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Commute?

Discussion in 'Physical Therapy' started by NYCPT, 04.27.12.

  1. NYCPT

    NYCPT

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    Rehab Sci Student

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    This question is for current DPT students, what do you feel is a reasonable commute to travel to and from school? Is the program so rigorous that a commute of an hour one-way unreasonable? I am just worrying about my commute and hope that I will not be too exhausted to study. I own a house so moving closer to school isn't really an option.
  2. djb051

    djb051

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    SDN 2+ Year Member
    I am not currently a dpt student, I will be applying this year. So I can't speak for how rigorous dpt programs are from personal experience, but I can say that I know a few people who are currently in dpt programs. They said that while the programs are rigorous, and there is a lot of work, they still have anywhere between 1 to 3 hours a day of free time after they finish studying.
    If I get into the school of my choice, which is about 1 hour away, I most likely will be commuting mainly because the commute would be going against rush hour traffic to and from class, the commute would not have many redlights, my car has great gas mileage, and it is much cheaper for me to live where I currently live than to relocate and live close to the school or even on campus.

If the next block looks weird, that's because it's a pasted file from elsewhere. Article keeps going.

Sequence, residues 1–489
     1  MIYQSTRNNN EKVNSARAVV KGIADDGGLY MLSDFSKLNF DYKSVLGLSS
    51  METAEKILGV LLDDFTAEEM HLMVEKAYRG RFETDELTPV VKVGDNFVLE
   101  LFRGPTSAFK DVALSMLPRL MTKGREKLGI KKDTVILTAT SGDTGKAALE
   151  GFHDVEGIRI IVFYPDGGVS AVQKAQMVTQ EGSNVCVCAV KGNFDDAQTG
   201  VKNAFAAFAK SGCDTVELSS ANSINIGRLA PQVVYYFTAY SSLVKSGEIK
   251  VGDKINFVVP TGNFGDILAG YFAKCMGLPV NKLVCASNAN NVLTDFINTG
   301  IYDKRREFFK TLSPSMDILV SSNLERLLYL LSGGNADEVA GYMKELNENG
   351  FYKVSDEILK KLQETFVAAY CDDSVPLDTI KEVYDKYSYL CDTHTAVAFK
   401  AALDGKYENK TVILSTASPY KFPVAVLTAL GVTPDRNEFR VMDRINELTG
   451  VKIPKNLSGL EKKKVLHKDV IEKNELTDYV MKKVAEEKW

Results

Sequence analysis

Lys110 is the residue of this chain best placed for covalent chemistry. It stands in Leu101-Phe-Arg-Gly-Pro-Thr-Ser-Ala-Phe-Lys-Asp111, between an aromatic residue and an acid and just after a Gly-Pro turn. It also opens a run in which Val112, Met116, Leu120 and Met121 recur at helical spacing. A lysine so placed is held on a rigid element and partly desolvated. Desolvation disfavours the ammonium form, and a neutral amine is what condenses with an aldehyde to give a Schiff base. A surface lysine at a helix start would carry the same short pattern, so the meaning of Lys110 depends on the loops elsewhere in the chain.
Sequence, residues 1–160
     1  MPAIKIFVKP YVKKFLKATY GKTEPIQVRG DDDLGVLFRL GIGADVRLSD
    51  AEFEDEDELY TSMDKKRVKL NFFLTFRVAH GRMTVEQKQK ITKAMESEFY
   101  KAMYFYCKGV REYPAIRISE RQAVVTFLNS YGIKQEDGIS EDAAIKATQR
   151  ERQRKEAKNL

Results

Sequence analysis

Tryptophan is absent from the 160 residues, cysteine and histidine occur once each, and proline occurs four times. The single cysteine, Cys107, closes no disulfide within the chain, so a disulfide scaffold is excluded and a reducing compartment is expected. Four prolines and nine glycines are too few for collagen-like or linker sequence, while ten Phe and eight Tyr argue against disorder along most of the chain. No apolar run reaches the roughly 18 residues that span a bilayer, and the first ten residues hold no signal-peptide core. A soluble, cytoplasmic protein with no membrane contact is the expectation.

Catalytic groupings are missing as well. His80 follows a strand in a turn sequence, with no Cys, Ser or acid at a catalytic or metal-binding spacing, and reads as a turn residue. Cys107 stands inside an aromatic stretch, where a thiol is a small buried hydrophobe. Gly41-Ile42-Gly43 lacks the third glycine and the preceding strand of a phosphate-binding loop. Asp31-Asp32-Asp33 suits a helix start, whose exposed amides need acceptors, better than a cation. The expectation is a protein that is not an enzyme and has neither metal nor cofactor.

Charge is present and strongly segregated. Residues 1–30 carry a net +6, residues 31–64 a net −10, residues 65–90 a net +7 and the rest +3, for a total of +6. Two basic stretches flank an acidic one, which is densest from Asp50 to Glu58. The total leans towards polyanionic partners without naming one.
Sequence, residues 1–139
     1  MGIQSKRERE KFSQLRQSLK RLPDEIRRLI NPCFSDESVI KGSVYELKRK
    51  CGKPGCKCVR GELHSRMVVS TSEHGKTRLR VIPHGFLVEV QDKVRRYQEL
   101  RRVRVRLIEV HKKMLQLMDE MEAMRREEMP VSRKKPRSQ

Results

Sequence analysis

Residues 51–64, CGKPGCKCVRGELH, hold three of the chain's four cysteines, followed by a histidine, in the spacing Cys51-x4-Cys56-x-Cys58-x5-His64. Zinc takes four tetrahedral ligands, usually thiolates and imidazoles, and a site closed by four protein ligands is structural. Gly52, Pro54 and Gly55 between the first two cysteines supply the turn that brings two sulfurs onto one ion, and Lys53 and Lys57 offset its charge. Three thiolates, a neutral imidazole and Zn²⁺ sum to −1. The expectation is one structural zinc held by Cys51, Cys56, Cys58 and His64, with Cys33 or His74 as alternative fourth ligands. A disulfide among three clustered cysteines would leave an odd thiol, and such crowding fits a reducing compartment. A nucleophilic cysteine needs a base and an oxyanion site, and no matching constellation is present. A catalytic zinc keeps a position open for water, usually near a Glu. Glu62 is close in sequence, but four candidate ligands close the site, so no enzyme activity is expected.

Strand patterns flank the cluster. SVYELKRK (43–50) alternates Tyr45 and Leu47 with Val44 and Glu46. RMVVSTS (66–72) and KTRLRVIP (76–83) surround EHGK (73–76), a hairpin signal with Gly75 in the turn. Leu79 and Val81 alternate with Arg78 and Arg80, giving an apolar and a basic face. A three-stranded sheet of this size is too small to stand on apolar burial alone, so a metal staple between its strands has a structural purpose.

Because the people I know all said they have between 1 to 3 hours of free time a day, I am not really worried that much about the commute being longer. Hope this helps.
  3. hujee

    hujee

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    One hour commute doesn't seem unreasonable. Granted, I live in a large city and public transit is available so you could do work on the train..... There are a few peole in my class that have a commute (at least) that long. If you know how to prioritize and use your time well, it shouldn't be a problem. Most nights I spend more than one hour ****ing around on facebook, pinterest and watching TV, and I've made it through all my coursework fine (one 8 week trimester left!).

    I'd ask at the school you are applying to if anyone commutes and see if you can talk with them!
  4. DPTRVTCCRP

    DPTRVTCCRP

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    It all depends on the type of learner you are. I would recommend getting a good audio recorder, you can use your phone, or a livescribe pen, that you can review the lectures and material during the commute. If you go by public transportation and don't get motion sick, then you have built in study time. I live close to my campus, but there are many in my class that commute an hour or more back and forth.

    Hope it helps, again it's all up to you. :)

    Roxanne M., SPT
    TWU Dallas DPT Class of 2014
  5. ptootles

    ptootles DPT